The Rio Grande Valley dodged a tropical bullet during the afternoon and evening of June 30th, 2010, as Hurricane Alex twisted, turned, and tightened into a formidable cyclone as it slammed into the north central coast of Tamaulipas, Mexico, likely causing significant damage to fishing village which had been fortunately been evacuated. With the inner core, or eyewall, making landfall around 100 miles south of the Rio Grande, the Valley was subject to persistent outer feeder bands which brought moderate to strong tropical storm force (39 to 66 mph) winds, heavy rains causing scattered flooding, and embedded tornadoes and probably some waterspouts.
Alex began as an early season tropical wave over the very low latitudes of the central Atlantic Ocean during mid June, which ebbed and flowed but never dissipated while moving through warmer than average waters in the deep tropics. By June 24th, Alex was showing signs of organizing in the western Caribbean, but was still fighting wind shear. Finally, the cyclone became a Tropical Depression on the 25th, and named Tropical Storm Alex on the 26th. Alex began organizing steadily during the afternoon of the 26th, before crashing into Belize as a Tropical Storm. Alex crossed Belize and the Yucatan Peninsula overnight on the 26th and through most of Sunday, June 27th, before emerging as a battered – but still well organized – tropical depression. On June 28th, Alex began moving slowly away from the Yucatan and into the southwest Gulf, and struggled to intensify.
The cyclone, fighting areas of dry air and some wind shear, struggled to intensify on the 29th, but finally developed a classic banded circulation by afternoon and winds reached hurricane force by evening. Despite a steady pressure fall overnight, the cyclone remained a Category 1 wind storm with a small inner core. However, tropical storm force winds expanded and covered a good portion of the larger envelope by daybreak on the 30th. Alex, which had nudged on a due west track on the 29th, returned to a northwest track early on the 30th while continuing to intensify. At noon, the cyclone was around 130 miles southeast of Brownsville. Alex began wrapping up during the afternoon, eventually showing a clear eye late in the day. During the same period, high pressure building to the north of the storm helped turn the cyclone on a due west track while accelerating, and that track would bring the storm onshore near Punta de Piedras, Mexico just before 8 PM CDT, with a rapidly deepening center and excellent, though small, radar presentation around the center (above). The winds at landfall were 105 mph.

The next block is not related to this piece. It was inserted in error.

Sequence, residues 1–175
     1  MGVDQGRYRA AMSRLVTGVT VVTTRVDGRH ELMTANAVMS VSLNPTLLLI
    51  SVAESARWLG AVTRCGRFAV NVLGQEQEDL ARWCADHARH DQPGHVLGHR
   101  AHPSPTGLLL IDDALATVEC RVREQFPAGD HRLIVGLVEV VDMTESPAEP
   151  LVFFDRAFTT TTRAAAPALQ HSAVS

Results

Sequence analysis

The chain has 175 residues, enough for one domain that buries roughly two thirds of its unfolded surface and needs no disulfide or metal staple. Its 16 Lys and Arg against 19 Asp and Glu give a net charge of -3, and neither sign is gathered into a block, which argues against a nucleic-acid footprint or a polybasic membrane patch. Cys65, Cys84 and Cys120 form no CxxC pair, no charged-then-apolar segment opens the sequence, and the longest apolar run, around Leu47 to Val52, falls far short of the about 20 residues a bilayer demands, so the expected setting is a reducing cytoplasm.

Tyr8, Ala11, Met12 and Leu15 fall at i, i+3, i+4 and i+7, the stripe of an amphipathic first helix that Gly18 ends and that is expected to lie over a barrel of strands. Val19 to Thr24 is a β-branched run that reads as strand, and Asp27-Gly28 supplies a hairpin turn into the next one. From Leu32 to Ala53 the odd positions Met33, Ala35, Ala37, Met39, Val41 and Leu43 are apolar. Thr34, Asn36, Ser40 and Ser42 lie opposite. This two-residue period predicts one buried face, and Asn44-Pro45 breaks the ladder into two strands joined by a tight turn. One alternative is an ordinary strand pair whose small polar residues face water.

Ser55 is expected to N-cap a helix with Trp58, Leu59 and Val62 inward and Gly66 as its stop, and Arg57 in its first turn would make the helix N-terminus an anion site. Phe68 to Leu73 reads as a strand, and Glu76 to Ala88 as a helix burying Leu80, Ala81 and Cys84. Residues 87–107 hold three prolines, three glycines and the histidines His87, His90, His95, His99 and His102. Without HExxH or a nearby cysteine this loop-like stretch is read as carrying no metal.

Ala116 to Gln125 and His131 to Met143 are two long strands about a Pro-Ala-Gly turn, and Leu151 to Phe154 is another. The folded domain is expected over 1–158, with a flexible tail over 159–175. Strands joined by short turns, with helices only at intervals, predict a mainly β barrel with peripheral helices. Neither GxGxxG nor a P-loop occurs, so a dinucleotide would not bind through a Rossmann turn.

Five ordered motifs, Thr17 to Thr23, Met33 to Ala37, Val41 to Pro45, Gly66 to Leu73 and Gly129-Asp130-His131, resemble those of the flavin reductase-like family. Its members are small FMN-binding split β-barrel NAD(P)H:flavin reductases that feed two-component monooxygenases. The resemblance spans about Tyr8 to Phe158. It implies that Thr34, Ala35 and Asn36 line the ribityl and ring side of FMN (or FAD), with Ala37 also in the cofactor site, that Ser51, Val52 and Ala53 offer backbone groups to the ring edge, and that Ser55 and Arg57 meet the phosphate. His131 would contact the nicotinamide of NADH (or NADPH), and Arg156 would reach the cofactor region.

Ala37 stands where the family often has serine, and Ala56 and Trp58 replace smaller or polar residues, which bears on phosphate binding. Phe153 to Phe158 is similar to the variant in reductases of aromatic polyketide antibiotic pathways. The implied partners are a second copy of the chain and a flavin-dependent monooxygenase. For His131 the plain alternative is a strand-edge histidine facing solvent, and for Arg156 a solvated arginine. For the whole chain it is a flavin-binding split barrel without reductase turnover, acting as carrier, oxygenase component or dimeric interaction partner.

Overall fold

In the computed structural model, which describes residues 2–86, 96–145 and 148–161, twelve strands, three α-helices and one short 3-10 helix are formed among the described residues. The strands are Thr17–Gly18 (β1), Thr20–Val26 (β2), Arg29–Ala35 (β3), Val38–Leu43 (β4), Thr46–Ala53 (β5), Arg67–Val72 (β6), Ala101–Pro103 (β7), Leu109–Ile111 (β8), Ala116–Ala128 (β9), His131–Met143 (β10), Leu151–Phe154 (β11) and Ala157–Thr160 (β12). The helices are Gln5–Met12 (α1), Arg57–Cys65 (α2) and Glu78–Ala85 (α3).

Heavy rains began pelting the Lower and Middle Rio Grande Valley as isolated bands during the afternoon of the 29th, and returned after midnight on the 30th. More frequent bands arrived by mid morning, with the heaviest bands reaching into Willacy through eastern Hidalgo County, and another from just east of South Padre Island through southwest Cameron County, by early afternoon. These bands produced frequent wind gusts above 40 mph, rainfall of 2 to 5 inches, and embedded circulations which dropped at least three tornadoes in Cameron and Willacy County. As Alex approached the Tamaulipas coast, the strongest sustained winds arrived, generally at or just above tropical storm strength (39 mph) near the immediate coast. Gusts above 50 mph were common in eastern Cameron, Willacy, and Kenedy County, and 35 to 45 mph in Hidalgo and Brooks County. Additional late afternoon and evening rains brought more widespread moderate urban flooding, most common in poor drainage areas. Farther west, from Starr through Zapata and Jim Hogg County, the rainfall was a boon to maintaining drought and wild fire free conditions as the 4th of July weekend approached.
For the coast, significant storm surge was avoided with the inner core landfall well south of the area. Still, the enlarged envelope of tropical storm force winds brought seas up over 20 feet, and the east to northeast swell pushed tides above 4 feet on the east facing shorelines of South Padre Island and Port Isabel. Storm surge values exceeded 3 1/2 feet, and fortunately predicted astronomical tides were low, sparing most residences. The beach had moderate erosion and wave setup riding into the dunes, more than Gustav but less than Ike in 2008.
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